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Who Is The Killer Of Satoshi Nakamoto?
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Who Is The Killer Of Satoshi Nakamoto?

Bitcoin invented the crypto scene as we know it. Almost everyone would agree that bitcoin and the white paper behind it, is a work of genius. Yet we live it a cryptoworld swamped with crypto that is the antithesis of bitcoin and what distributed, consensus-based, proof of work, permission-less ledgers stand for.

If a coin is not decentralized it is not part of the bitcoin vision. If it is a token, it has nothing to do with bitcoin. If you can’t mine it, its not part of the bitcoin dream. If you apply this logic to the top tables of crypto most now fall by the wayside.

The top 100 is not only littered with crytpo that are not bitcoin-like; it is swamped with them. Strip out all the non-minable coins and suddenly many of the fancy claims of the crypto-community vanish to be replaced by a less hubristic scene. There aren’t that many pure cryptocurrencies out there.

Now you might think the coin for an ICO for an antigravity device or equivalent should be worth half a billion–there are after all plenty of companies peddling similar shams on the stock exchanges of this world with chunky valuations, but let us put tokens, good or bad, in a different category. Then there are the non-minable coins, like penny pump and dump stocks, most are tightly held and traded to some theoretical value, like a fat worm on a hook awaiting gullible ‘investors.’ Let’s strip the coins of that ilk out too, legitimate or otherwise.

What we have left are distributed ledger coins, minable by anyone, traded so the mining rewards can be sold for BTC and thus ‘fiat,’ with a blockchain not controlled by a central manipulating party. This is the kind of cryptocurrency that births a new industry.

The top coin remains bitcoin with 64% of the market cap share of decentralized minable cryptocurrency. It has 57% of the dollar liquidity. Bitcoin is still dominant and without all the funky tokens and private coins, the flippening never happened and dominance is maintained. As you go down the chart the importance and liquidity of the coins quickly diminishes into irrelevance.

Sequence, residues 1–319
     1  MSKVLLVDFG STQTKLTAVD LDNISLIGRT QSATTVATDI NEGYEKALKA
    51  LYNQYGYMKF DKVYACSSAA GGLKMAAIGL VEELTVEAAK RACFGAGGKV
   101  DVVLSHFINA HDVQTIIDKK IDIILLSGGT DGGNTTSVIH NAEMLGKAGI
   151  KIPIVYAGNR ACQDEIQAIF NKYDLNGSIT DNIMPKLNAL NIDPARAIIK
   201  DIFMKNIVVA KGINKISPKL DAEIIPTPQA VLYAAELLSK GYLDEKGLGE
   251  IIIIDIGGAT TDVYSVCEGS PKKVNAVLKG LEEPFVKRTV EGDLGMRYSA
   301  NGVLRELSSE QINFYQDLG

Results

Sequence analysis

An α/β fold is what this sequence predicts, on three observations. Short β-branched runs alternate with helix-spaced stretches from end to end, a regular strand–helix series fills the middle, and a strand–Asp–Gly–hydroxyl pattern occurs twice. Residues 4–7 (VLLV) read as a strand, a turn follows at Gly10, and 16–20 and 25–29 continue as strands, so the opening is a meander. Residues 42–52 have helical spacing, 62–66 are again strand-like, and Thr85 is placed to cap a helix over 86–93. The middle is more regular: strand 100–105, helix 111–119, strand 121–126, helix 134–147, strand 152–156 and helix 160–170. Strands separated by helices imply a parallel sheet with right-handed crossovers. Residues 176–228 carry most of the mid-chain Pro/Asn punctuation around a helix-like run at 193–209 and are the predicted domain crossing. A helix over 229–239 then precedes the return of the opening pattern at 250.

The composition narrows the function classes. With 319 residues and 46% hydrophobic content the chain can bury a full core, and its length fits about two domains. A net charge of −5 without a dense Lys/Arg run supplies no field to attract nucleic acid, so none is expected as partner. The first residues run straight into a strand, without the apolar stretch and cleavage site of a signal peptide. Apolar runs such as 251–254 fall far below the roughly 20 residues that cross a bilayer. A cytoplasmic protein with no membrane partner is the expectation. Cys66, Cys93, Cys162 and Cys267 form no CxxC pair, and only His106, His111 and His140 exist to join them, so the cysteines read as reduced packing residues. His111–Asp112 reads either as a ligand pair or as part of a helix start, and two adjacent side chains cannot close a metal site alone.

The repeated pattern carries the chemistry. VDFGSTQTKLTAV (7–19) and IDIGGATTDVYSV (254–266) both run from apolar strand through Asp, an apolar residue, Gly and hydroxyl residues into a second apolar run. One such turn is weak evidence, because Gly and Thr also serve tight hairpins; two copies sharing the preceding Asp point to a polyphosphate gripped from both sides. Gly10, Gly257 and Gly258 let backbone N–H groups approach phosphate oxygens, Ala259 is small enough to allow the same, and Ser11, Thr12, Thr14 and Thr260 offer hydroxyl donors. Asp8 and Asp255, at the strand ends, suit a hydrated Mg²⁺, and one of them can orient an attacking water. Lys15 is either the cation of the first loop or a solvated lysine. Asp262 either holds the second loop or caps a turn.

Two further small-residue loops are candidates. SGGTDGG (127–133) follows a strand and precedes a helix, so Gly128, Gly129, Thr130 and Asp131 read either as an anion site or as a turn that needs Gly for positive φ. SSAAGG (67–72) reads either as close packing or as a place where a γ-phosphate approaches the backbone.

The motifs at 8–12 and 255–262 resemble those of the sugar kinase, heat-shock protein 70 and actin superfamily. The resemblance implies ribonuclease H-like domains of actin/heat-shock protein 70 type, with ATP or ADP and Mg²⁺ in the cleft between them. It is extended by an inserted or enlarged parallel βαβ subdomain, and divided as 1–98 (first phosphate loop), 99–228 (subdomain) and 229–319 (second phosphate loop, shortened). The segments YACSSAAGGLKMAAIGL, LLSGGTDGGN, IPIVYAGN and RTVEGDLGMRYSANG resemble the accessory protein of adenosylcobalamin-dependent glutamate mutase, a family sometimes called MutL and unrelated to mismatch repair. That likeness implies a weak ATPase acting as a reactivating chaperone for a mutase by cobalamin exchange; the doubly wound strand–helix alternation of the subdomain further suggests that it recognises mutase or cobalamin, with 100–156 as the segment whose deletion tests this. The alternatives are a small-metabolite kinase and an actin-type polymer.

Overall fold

This is an extreme 90/10 distribution.

When this filter is applied, the market cap numbers ‘below the fold’ get small very quickly with the number 100 minable distributed coin boasting a modest $4 million market cap. With all the tokens and centralized coins rolled back in, the 100th crypto is worth three times more at £15 million.

This bloat, especially by tokens, obscures the real picture of what is going on in the realm of bitcoin and cryptocurrencies.

The upshot is that there will soon be a fork in the road for crypto. Tokens need to be looked at differently and evaluated and listed differently. We do this with stocks and bonds. You don’t want to see bonds listed in the same search and column as a stock. Likewise, the same goes for commodities. You don’t want gold to be listed under ‘g’ in your financial newspapers’ back pages. You want gold in a different section and the same goes for Forex.

Tokens are securities, currencies are not; investors that can’t see the difference will come unstuck in the same way as investors in a ‘cold fusion’ ICO I had the dubious pleasure of coming across recently.

I also feel that at least from an investment point of view, a clear distinction needs to be understood between cryptocoins with ‘distributed’ blockchains by design and the many undistributed ledger cryptos designed to be controlled by a company or a group of people.

Distributed coins belong to maths and undistributed cryptocoins to man. That is a huge and defining schism. While neither style can win, one will dominate and that currently is bitcoin.

This dichotomy, however it turns out, will shape the future of economics.

Both will flourish.

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